The same procedure can be used to obtain solutions for the other asymptotic points. On the fixed circle we have three possible solutions corresponding to whether the sign of and are the same or different.

The stability of the fixed points in Table 2 are found by expanding equations and up to second order and then applying the center manifold theorem to the resulting system (see Table 3).

For the fixed circle , the stability depends on the value of the angle :

Stable,
Unstable,
Stable,
Unstable.

In the next section we will see how the introduction of matter modifies the picture we obtained in the vacuum case.

Point Eigenvalues Coordinates Solution
0
0
0
Table 2: Coordinates, eigenvalues and the Stability of the fixed points in the asymptotic regime for gravity in vacuum.
Point Coordinates(y,z,K) Stability
Unstable
Stable
Stable
Stable
Stable
Stable
Table 3: Coordinates of the asymptotic fixed points of -gravity in vacuum and their stability.

4 The matter case

In this case we can use the same dynamical variables we used for the vacuum case together with one additional variable , that is related to the matter energy density:

(36)

The definition of the variables reveals that not all of the phase space corresponds to physical situations. This becomes clear if we divide by . We obtain

(37)

which has the same sign of . This means that the sectors in the phase space for which the sign of is different from the sign of contain orbits in which standard matter violates the weak energy condition , and have to be discarded as not physical. As we will see this affect the sets of possible orbits for this model.

Following the same procedure we used in the vacuum case, we obtain an autonomous system equivalent to the cosmological equations with non-zero matter density:

(38)

together with the constraint equation

(39)

where the prime again denotes the derivative with respect to the logarithmic time variable .

4.1 Finite analysis

The system (4) can be further simplified, by eliminating using the constraint equation (39):

(40)

We have three invariant submanifolds: , and , so in this case also no global attractor can exist. Setting , , and we obtain seven fixed points.

As in the vacuum case, we can use the coordinates of these fixed points and equation (13) to find the behaviour of the scale factor at these points. In addition, the behaviour of the energy density can be obtained from equation (8), which at a fixed point reads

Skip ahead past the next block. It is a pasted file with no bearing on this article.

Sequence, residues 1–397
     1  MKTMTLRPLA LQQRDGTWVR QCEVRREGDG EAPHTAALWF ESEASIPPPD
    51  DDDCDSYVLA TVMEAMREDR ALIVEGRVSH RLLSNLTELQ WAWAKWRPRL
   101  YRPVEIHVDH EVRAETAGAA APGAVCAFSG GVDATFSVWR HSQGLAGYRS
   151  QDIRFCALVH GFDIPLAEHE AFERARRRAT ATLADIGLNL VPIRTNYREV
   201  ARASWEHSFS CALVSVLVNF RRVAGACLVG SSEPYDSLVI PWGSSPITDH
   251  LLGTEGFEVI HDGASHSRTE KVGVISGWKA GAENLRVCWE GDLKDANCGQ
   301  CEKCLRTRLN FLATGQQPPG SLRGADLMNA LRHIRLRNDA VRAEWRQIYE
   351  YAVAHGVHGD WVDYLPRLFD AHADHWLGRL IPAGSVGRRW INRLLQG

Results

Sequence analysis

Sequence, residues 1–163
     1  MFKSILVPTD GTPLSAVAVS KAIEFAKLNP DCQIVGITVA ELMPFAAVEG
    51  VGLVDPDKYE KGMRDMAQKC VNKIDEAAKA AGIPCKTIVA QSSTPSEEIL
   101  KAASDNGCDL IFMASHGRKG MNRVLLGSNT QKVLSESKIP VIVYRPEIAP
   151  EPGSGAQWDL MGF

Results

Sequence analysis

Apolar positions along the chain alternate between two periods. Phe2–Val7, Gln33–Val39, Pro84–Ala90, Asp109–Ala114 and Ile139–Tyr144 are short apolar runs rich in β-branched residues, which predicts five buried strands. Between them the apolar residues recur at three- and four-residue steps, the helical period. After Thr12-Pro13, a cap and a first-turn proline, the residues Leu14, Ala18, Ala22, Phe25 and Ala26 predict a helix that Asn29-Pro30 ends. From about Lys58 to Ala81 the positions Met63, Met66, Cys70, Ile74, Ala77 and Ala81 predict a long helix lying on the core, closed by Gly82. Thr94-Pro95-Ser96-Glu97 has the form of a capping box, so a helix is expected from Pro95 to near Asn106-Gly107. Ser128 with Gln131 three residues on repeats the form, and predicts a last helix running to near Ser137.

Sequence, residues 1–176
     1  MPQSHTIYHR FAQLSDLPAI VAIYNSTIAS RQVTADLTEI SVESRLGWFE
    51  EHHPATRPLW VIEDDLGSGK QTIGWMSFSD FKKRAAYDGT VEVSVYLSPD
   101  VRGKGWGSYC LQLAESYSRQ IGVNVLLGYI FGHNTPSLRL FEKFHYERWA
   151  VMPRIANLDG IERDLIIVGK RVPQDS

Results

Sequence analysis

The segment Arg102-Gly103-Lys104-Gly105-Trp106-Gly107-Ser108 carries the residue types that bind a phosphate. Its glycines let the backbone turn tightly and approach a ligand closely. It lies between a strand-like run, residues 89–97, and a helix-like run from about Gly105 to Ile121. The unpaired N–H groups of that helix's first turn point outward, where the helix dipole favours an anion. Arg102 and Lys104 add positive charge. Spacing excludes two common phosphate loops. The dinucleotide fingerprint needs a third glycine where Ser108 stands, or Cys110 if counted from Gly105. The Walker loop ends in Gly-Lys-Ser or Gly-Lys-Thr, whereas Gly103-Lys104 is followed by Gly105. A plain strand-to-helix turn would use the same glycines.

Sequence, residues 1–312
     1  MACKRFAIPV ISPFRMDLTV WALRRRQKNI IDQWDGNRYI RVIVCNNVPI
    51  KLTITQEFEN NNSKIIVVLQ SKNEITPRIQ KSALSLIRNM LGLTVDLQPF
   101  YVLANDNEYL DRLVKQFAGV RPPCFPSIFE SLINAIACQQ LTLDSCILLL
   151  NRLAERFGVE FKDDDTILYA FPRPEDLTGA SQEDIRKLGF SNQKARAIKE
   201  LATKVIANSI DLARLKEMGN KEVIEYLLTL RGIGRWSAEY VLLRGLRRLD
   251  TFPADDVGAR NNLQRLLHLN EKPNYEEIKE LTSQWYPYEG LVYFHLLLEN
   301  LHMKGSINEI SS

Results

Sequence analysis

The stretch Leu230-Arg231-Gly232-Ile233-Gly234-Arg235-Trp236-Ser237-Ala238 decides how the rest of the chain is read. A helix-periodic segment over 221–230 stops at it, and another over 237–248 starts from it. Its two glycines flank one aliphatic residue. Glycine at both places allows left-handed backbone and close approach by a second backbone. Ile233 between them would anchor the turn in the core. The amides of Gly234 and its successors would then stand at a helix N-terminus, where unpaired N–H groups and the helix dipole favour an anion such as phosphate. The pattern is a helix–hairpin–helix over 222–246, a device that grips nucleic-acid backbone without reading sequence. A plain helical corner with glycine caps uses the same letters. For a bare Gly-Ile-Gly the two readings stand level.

(41)

where is defined by (14). However, direct substitution in the cosmological equations reveals that all the fixed points correspond to vacuum states.

Points and are found to represent Milne solutions while and represent a power law evolution. For points , and we find that , which means that these points represent Einstein-de Sitter solutions. The exact solutions at these fixed points are summarized in Table 4.

As in the vacuum case, we use the Hartman-Grobman theorem together with the center manifold theorem to analyze the stability of all the fixed points. The results are shown in Table 5.

Equation (28), which relates the deceleration parameter to the dynamical variables generalizes in the matter case to the hyperplane,

(42)
Point Coordinates(y,z,K,D) Eigenvalues Solution
Table 4: Coordinates of the fixed points, the eigenvalues, and solutions for -gravity in the matter case.
Point
Repeller Repeller Repeller
Saddle Saddle Saddle
Saddle Saddle Saddle
Saddle Saddle Saddle
Saddle Saddle Saddle
Saddle-node Saddle-node Saddle-node
Saddle-node Saddle-node Saddle-node
Point
Repeller Saddle-node Saddle
Saddlee Saddle Saddle
Saddle Saddle-node Repeller
Saddle Saddle Saddle
Saddle Saddle Saddle
Saddle-node Saddle-node Saddle-node
Saddle-node Saddle-node Saddle-node